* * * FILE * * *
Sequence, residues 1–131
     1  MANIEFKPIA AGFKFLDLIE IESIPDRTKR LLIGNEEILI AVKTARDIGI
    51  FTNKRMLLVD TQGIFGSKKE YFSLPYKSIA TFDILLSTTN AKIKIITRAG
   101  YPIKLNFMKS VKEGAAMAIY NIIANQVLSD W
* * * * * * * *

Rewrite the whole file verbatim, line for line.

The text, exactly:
Sequence, residues 1–131
     1  MANIEFKPIA AGFKFLDLIE IESIPDRTKR LLIGNEEILI AVKTARDIGI
    51  FTNKRMLLVD TQGIFGSKKE YFSLPYKSIA TFDILLSTTN AKIKIITRAG
   101  YPIKLNFMKS VKEGAAMAIY NIIANQVLSD W